Alexander Borodin: In the Steppes of Central Asia
When Queen Elizabeth II celebrated her Silver Jubilee, Britain celebrated with new coins, commemorative mugs and nostalgic street parties.
When Alexander II of Russia held his Silver Jubilee, in 1880, among other things he commissioned Borodin to compose a symphonic poem. It was intended to be the soundtrack to a tableau vivant – a slightly curious and now largely forgotten art form in which actors pose, motionless, in a set, often lit to resemble a painting.
Quite how they would have coped standing motionless for the full seven or eight minutes of Borodin’s music, we’ll never know. The ‘production’ was called off after an attempted assassination. Rimksy-Korsakov rescued it, though, for the 1880 season with his Russian Opera Orchestra and it has since become a concert favourite. It’s not hard to see why. The music, as well as being crammed full of great tunes, is beautifully comprehensible: the listener can easily hear the Russian troops and Central Asians travelling across the steppe. Both have their own melodies, which briefly meet, working perfectly over each other, before the Asian music wafts off into the distance and the Russian theme is left alone.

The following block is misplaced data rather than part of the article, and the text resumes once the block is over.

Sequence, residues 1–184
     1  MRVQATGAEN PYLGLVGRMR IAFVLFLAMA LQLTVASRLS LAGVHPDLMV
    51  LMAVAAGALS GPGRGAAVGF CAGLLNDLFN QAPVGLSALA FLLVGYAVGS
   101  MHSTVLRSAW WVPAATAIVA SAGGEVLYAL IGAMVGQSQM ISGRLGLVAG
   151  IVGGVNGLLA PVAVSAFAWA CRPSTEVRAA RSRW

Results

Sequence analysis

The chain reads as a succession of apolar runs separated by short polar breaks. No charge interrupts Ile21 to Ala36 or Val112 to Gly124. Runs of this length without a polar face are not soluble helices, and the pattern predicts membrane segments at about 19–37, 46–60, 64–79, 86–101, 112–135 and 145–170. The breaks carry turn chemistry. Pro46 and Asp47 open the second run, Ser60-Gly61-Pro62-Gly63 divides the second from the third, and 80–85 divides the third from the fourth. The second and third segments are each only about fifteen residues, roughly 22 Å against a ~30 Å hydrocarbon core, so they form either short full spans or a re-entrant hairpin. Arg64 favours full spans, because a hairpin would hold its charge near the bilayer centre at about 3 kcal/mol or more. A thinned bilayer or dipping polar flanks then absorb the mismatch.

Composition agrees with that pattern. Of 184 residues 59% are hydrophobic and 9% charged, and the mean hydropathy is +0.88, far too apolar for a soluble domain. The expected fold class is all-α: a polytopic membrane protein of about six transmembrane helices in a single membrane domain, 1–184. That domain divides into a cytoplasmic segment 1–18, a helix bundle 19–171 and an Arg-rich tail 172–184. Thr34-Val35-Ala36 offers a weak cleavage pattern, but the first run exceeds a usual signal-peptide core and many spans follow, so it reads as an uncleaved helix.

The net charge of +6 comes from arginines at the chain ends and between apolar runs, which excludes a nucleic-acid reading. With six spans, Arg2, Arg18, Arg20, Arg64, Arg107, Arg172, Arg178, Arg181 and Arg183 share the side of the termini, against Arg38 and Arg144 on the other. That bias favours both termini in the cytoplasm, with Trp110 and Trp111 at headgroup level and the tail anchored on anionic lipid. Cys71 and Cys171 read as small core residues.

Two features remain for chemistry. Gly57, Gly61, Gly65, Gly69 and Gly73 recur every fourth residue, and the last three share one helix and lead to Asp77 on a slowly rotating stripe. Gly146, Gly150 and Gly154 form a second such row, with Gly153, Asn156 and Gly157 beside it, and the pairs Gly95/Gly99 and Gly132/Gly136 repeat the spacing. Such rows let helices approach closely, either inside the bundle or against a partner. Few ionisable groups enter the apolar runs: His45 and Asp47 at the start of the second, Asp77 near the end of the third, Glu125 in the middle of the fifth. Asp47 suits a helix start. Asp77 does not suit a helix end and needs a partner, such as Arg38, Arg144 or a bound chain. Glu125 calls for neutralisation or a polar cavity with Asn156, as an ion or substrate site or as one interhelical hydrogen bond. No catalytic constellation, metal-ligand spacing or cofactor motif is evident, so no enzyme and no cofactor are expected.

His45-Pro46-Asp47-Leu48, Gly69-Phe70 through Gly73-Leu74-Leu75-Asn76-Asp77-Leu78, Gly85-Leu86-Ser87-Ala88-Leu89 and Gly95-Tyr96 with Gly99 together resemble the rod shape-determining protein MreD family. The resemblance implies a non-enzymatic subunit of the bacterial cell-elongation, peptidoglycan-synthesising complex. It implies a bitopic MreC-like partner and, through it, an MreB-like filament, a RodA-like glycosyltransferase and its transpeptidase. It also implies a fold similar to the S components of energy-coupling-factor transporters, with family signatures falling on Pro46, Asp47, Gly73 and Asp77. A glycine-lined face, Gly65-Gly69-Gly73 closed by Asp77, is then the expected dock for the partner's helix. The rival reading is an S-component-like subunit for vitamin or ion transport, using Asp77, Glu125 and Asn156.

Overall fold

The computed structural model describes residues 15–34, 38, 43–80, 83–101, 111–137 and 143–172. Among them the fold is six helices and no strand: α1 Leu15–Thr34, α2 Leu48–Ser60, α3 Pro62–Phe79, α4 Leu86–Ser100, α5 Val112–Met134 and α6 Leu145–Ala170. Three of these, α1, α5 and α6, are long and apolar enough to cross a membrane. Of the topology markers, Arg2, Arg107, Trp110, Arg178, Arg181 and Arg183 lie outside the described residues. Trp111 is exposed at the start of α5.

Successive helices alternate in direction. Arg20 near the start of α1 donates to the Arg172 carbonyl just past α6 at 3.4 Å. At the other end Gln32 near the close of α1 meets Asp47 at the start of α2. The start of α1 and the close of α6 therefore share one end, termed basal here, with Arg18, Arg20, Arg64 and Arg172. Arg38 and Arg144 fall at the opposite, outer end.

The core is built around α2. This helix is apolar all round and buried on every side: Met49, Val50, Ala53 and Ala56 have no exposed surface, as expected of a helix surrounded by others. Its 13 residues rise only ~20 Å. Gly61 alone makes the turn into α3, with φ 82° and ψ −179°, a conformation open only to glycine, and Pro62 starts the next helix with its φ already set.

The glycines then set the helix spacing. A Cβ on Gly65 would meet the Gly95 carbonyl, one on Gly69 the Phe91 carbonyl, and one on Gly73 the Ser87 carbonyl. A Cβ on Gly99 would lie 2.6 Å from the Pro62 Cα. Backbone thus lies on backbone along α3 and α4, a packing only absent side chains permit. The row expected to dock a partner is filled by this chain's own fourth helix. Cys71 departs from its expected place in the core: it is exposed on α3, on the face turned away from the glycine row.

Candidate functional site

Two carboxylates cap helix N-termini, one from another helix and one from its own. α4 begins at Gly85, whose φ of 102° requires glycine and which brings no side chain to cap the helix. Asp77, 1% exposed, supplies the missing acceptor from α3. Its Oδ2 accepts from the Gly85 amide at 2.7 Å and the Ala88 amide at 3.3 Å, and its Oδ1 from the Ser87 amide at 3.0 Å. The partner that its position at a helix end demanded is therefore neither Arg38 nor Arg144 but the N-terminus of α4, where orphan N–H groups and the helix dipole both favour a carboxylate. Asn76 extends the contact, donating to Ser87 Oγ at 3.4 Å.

Kirov Orchestra; Valery Gergiev (conductor). Philips: 4708402.